In his new book about life on an aircraft carrier, Geoff Dyer is worried — about food.
“I’m the worst kind of fussy eater,” Dyer writes. “I don’t have any generic objections to food types, but I have aversions and revulsions so intense and varied that I struggle to keep track of them myself.”
Dyer’s worst fears are realized right off: Breakfast is a “fried reek of congealed eggs, bacon and other horrors,” and he lets us know that his digestive tract has much in common with the ship’s frequently clogged toilets.
Dyer is the peripatetic, playful, often dyspeptic British writer whose previous books have considered D. H. Lawrence, the Battle of the Somme, the Andrei Tarkovsky film “Stalker,” jazz, and “Yoga for People Who Can’t Be Bothered to Do It.” And he doesn’t eat well until the end of his trip, when he finally gets to dine with the boat’s captain.
The boat is the USS George H.W. Bush. Dyer spent two weeks aboard this carrier, “naval-gazing” as he might say. This book inaugurates a curated series from Writers in Residence, a nonprofit founded by pop philosopher Alain de Botton intent on “recording and describing key institutions of the modern world” by placing “some of the greatest writers on the planet . . . in significant organizations . . . giving them the opportunity to observe and reflect on what they see with unusual calm and depth.”
So, the plan: Drop Dyer on an aircraft carrier and see what he comes up with. This is not a bad plan. Like most Dyer fans, I know that the point of one of his books isn’t the thing described; it’s the fun of watching his mind at work.
There’s no disputing that the American aircraft carrier is a “significant organization” in the 21st century, but it’s one that presents a significant narrative difficulty: “There is never a dull moment and yet life is an endless succession of dull moments.’’ This is Dyer, more than halfway through the book, putting his finger on the very specific nature of shipboard drudgery. The narrative challenge then is to make interesting an enterprise in which success means that not much out of the ordinary happens, where “[a]n exceptional event was dealt with by the meticulous application of endlessly rehearsed routine.”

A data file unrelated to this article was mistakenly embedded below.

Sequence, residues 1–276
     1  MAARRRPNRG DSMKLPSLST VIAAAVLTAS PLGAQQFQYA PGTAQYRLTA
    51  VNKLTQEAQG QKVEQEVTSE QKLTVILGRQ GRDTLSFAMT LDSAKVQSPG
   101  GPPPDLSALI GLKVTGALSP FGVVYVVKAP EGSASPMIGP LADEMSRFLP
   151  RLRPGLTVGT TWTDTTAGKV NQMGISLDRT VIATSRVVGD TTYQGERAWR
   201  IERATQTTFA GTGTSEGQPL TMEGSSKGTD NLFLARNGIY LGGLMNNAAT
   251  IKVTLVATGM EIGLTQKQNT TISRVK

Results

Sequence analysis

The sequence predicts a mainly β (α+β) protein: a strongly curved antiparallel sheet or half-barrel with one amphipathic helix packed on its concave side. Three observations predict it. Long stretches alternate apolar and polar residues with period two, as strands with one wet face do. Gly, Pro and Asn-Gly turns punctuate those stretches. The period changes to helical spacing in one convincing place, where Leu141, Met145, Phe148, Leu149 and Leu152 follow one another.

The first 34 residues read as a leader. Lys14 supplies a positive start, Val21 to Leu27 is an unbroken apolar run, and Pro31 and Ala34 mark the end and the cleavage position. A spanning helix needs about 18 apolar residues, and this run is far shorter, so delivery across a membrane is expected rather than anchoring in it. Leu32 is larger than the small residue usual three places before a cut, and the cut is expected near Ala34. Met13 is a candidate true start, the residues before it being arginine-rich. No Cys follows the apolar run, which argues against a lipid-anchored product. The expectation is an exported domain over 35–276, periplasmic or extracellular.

In his two weeks aboard, Dyer, too, has a routine: Ensign Paul Newell, Dyer’s primary shipboard handler, conducts him from department to department. In 45 short chapters, we see the whole boat. From the vast stores of food (8,000 pounds of chicken, 575 dozen eggs) to the shipboard dental office at which Dyer makes a same-day appointment to get a checkup on the US taxpayer’s dime, we get a sense of the sheer size of the undertaking.
We get a sense, not specs; feeling, not facts and figures. “The longer I spent on the carrier,” he writes, “the more convinced I became that, of all the kinds of writer I was not, ‘reporter’ was top of the list.” Dyer’s not interested, much, in the impressive physics involved or what all the acronyms mean. He’s interested in ideas.
More often than not, this is a sound strategy. Dyer’s antic, anxious, inventive mind is often fun to follow. But in this book I found myself quarreling with one of his flights of free association. In his ruminations on the essential sameness of the ship’s everyday happenings, Dyer reaches for a literary comparison: “W.H. Auden said that poetry makes nothing happen, and much of what happens on a carrier is dedicated to turning the boat into a poem . . . to making sure that nothing happens.”
Not only does Dyer seem to be straining as he drags out that overworked Auden assertion, he also seems wrong. Auden said poetry makes nothing happen; he didn’t say that nothing happens in poems. If the ship were a poem in this manner, then lots of things could happen within it, even as it exerted no influence on the outside world. This is exactly backward. Ideally, nothing out of the ordinary happens on a carrier so that it may retain the potential for making any number of calamitous things — of vast geopolitical import — happen.
Life aboard the USS George H.W. Bush — its daily order juxtaposed with its potential for destruction — brings to mind not Auden but his older contemporary Ezra Pound, who, in his last completed canto, sighed, “I cannot make it cohere.”
Coherence has never been Dyer’s forte. “One of the reasons I am so bad with facts is that things are always reminding me of other things,” he writes near the end of the book. That associative cast of mind makes him a compelling literary essayist. It has not necessarily equipped him to give us a systematic account of a machine that carries enough firepower to level Tehran. Rather than getting an inside account of “life aboard” the ship, it’s as though we’re standing on the beach, peering at it through a kaleidoscope.Sebastian Stockman is a lecturer in English at Northeastern University. Follow him on Twitter: @substockman.